Air pollution may cause more premature deaths in India, China: OECD report

According to the OECD report, air pollution is also likely to cost around $2.6 trillion annually, in terms of sick days, medical bills and reduced agricultural output globally.

By: PTI | New Delhi | Published:June 9, 2016 10:34 pm
 air pollution, air pollution india, oecd report on air pollution, environment news, air pollution effects, health effects of air pollution, economic effects of air pollution, Organization for Cooperation and Economic Development, Delhi air pollution, China air pollution, latest news, india news According to the OECD report, premature death rates are forecast to be up to four times higher in 2060 than in 2010 in India. (Source: AP/Tsering Topgyal)

Air Pollution could cause 6-9 million premature deaths by 2060, with India and China facing threat of maximum number of such mortalities, according to an OECD report.

The menace is also likely to cost 1 per cent of the global GDP, around $2.6 trillion annually, in terms of sick days, medical bills and reduced agricultural output, says the report by the Organisation for Economic Co-operation and Development (OECD).

The Economic Consequences of Air Pollution report said the outdoor air pollution caused more than 3 million premature deaths in 2010.

The projections imply a doubling, or even tripling, of premature deaths from dirty air – or one premature death every four or five seconds – by 2060, it added.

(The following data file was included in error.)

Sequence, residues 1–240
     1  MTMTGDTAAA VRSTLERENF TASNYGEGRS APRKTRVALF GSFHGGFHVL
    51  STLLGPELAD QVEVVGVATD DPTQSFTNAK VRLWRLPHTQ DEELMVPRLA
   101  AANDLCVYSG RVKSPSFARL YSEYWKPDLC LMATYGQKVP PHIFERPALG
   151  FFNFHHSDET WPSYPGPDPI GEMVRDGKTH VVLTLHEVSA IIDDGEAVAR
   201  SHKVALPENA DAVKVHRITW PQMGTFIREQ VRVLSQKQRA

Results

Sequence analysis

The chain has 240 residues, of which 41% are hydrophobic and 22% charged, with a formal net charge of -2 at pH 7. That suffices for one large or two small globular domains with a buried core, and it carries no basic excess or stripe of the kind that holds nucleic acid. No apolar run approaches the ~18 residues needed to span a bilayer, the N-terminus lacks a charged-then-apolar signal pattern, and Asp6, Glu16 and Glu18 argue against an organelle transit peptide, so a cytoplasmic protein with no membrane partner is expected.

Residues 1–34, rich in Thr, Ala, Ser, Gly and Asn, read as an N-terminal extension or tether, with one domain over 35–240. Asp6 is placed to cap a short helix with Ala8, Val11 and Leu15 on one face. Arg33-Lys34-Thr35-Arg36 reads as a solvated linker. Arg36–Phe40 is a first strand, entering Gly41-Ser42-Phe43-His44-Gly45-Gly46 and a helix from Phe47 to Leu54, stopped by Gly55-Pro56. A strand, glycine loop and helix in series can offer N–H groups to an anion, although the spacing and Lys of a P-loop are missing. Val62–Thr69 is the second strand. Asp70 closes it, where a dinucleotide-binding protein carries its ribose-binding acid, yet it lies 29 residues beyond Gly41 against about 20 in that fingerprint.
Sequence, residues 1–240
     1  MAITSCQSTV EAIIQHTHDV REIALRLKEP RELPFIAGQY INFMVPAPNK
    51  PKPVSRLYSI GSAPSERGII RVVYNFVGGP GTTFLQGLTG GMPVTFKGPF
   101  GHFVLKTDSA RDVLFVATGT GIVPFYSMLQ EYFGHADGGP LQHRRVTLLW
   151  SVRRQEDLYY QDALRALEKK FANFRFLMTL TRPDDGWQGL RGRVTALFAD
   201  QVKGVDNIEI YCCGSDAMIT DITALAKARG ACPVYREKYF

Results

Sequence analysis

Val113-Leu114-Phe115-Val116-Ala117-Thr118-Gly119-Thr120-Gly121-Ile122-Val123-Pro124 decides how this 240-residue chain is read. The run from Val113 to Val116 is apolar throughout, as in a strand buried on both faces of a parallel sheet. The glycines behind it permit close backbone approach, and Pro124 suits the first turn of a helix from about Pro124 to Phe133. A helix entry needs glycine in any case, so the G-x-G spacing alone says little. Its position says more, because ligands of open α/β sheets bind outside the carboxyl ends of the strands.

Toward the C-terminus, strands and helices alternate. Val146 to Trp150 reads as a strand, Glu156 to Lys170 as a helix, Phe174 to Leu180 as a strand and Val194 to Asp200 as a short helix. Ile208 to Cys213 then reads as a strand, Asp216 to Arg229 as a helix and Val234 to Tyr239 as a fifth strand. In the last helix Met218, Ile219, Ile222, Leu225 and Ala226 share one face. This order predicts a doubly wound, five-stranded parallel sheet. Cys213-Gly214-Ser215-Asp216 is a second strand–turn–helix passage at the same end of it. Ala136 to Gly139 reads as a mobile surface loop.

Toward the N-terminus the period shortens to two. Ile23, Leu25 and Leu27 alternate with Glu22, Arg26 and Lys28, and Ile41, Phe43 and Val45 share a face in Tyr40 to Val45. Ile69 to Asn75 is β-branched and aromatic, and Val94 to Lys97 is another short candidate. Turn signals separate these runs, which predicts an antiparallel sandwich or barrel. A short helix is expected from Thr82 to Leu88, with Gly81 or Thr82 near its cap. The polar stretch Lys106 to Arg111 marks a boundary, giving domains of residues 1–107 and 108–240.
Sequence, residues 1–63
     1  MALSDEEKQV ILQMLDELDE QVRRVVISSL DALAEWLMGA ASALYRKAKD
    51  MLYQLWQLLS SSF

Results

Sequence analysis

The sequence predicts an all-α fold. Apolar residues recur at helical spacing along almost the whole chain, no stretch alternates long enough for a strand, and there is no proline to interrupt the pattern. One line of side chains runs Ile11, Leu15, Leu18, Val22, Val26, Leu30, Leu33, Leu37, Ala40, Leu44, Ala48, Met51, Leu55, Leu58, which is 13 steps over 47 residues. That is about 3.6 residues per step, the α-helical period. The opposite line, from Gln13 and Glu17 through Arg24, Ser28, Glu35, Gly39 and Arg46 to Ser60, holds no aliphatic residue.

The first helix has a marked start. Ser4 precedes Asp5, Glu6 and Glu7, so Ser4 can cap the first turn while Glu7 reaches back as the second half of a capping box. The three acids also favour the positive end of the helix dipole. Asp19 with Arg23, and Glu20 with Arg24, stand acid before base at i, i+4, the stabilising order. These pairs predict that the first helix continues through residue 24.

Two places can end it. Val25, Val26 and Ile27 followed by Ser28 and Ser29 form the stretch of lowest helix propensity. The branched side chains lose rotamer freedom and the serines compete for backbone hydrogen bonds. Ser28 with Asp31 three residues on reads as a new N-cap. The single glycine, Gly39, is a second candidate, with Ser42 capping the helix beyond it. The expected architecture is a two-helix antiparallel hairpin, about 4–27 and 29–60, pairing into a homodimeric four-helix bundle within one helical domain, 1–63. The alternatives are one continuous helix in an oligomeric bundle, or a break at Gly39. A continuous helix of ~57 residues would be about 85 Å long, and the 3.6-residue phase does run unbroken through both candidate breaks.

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“The biggest rise in mortality rates from air pollution are forecast in India, China, Korea and Central Asian countries like Uzbekistan, where rising population and congested cities mean more people are exposed to power plant emissions and traffic exhaust,” the report mentioned.

According to the report, premature death rates are forecast to be up to three times higher in 2060 than in 2010 in China and up to four times higher in India.

The report said a large number of deaths occur in densely populated regions with high concentrations of PM 2.5 and ozone, especially China and India, and in regions with aging populations, such as China and Eastern Europe.

However, death rates are seen stabilising in the United States and falling in much of Western Europe due to efforts to move to cleaner energy and transport.

Talking about projected GDP losses, the report said it will be biggest in China, Russia, India, Korea and countries in Eastern Europe and the Caspian region, as health costs and lower labour productivity hit output.

“Poor air quality will hit China’s economy harder than India’s because differences in household savings rates and demographics mean the knock-on effects of lower productivity and increased health spending on the rest of the Chinese economy will be much larger,” OECD said.

One key difference between the two countries is the age structure of the population: India has a much younger population, while aging is projected to become a more severe problem in China, as per the report.

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